The man who shot liquor store owner Navtej Singh during an armed robbery will live with the "terrible consequences" of what he did for the rest of his life, his lawyer told a High Court jury today.

Anitilea Chan Kee, 22, made a "full and frank" confession to police, pleaded guilty to armed robbery and accepted his unlawful actions caused Mr Singh's death, Chan Kee's lawyer Jonathan Down.

The 30 year-old died in hospital on June 8, 2008, the day after the shooting.

Chan Kee is charged alongside five others, Myron Robert Felise, 22, Jason Naseri, 21, Tino Faamele Felise, 19, Eti Filoa, 25, and Walter McCarthy, for the murder.

In his closing address at the High Court at Auckland, Mr Down said it was up to prosecutors to prove in law that Chan Kee was guilty of murder and not manslaughter.

It was clear his unlawful actions caused Mr Singh's death, but the Crown had to prove murderous intent by proving he actually appreciated he might cause his death when he pulled the trigger.

He said there was insufficient evidence to prove that.

"You might have the almost irresistible urge to say at least he - the man with the gun - is guilty of murder."

To act fairly to Chan Kee, the jury was told they must push aside feelings of prejudice and look at the evidence logically and without emotion.

Chan Kee was ashamed and remorseful for his actions.

"I can confirm he is horrified by his behaviour and the terrible consequences of his actions. Whatever decisions you make he will live with the memory of what he did for the rest of his life."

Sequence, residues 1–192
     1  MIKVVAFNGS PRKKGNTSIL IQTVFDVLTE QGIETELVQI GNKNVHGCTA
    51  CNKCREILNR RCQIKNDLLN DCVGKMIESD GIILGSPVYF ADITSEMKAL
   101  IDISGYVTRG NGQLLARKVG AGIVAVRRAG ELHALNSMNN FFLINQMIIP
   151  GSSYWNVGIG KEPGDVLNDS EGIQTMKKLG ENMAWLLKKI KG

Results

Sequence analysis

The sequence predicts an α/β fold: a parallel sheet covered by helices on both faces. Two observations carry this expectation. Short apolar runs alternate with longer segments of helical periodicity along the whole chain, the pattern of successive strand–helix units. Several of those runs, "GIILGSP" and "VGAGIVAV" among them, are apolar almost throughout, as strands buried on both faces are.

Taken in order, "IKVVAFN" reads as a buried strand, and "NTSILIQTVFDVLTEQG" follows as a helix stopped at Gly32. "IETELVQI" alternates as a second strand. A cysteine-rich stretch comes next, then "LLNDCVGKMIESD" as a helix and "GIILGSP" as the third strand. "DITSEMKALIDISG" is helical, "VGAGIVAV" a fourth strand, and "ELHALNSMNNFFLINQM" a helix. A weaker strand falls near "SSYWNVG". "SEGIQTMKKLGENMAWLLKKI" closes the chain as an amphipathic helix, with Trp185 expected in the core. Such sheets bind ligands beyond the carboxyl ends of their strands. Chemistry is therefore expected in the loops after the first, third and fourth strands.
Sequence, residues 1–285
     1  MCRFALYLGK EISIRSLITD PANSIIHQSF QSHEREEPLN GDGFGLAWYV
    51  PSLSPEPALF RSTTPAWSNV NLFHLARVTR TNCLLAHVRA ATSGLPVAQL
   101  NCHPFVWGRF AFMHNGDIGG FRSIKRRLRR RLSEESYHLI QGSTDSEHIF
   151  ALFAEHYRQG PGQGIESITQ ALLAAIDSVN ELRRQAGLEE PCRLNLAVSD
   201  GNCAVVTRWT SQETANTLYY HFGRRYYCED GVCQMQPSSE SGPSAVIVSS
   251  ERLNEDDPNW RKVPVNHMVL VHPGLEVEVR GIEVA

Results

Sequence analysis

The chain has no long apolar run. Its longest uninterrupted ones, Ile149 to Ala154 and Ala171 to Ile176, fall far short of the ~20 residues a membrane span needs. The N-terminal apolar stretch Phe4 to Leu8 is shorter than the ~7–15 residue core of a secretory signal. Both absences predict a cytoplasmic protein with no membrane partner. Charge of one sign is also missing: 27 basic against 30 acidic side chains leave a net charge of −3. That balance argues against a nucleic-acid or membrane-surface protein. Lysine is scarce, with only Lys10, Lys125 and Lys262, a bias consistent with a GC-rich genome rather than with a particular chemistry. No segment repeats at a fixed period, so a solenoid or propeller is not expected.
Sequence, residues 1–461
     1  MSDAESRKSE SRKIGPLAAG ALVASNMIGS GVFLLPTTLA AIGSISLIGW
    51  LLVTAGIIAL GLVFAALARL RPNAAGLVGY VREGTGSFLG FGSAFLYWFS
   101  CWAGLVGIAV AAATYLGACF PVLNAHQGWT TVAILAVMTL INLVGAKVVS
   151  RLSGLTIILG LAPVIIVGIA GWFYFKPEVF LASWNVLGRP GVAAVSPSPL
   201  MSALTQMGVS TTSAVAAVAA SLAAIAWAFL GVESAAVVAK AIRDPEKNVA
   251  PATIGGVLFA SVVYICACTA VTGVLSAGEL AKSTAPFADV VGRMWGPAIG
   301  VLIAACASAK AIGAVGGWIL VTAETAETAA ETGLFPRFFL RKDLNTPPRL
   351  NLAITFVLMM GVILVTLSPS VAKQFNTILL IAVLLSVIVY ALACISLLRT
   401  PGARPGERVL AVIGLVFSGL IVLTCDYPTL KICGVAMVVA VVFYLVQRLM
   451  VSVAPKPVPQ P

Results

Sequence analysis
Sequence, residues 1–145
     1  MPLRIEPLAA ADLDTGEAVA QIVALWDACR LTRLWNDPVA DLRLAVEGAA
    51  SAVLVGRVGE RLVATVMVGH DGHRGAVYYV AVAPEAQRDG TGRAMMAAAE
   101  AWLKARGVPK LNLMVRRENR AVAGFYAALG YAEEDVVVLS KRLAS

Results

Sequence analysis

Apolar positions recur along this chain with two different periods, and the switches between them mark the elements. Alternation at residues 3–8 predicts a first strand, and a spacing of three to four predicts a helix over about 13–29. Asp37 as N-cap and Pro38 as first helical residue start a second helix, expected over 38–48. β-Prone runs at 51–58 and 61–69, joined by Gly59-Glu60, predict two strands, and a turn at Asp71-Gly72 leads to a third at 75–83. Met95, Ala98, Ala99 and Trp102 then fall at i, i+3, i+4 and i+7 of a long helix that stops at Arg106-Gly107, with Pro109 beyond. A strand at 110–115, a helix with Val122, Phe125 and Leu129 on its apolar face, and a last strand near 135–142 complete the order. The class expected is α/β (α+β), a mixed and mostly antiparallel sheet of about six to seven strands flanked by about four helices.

Evidence given at trial - and disputed by the defence - of a practice shot being fired before the robbery and of an alleged comment by Chan Kee that he meant to aim at Mr Singh's head, were "systematic' of a general plan to off load all of those things into Anitilea Chan Kee.

Mr Down said a Crown description of Chan Kee calmly lining Mr Singh up and shooting him was infered from images from a security camera because there was no evidence that could have led to that conclusion.

He described the robbery as "loose, ad-hoc last minute with no leadership" and that Chan Kee only took the gun as a visible deterrent.

The court heard he didn't believe it was loaded and did not intend to pull the trigger.

"He didn't anticipate causing serious injury or death...In the heat of the moment, under stress, he may not have felt the pressure on the trigger."

If the jury concluded it was possible the shooting may have been accidental, Chan Kee was not guilty of murder because he didn't have any of the intent, either to kill or injure with knowledge death was likely, then he had to be found not guilty of murder "however awful reprehensible his actions might have been."

The court was also told murder accused Myron Felise agreed to be part of an aggravated robbery with a "belly full of alcohol" but not to an armed robbery with a loaded firearm or to murder.

On behalf of Felise, lawyer Ron Mansfield told the jury what Felise agreed to be part of that night was "terrible".

"He agreed to take part of the theft of a bottle store by a group of three people who would run in and grab the alcohol and run out. A snatch and grab. That's what he agreed to, with a belly of alcohol, to do. He didn't agree to an armed robbery...to a firearm being taken, he didn't agree to someone being hurt or injured, even in a minor way. It didn't even enter his contemplation."

Mr Mansfield: "We all know good people can do terrible things [and ] fuelled by alcohol it's more likely we don't think of the consequences of what we might do."

Felise, who has pleaded guilty to aggravated robbery, was angry with Anitilea Chan Kee's actions and the death of an innocent member of the community.

Mr Mansfield said Felise went to the party before the robbery in his slippers so had no prior knowledge before he got there of what might go on.

"He was caught up with something way, way beyond his wildest contemplation. It was a terrible thing he's done - but it's not murder in a long shot."

Lawyers for other accused will give their closing addresses the rest of today and tomorrow.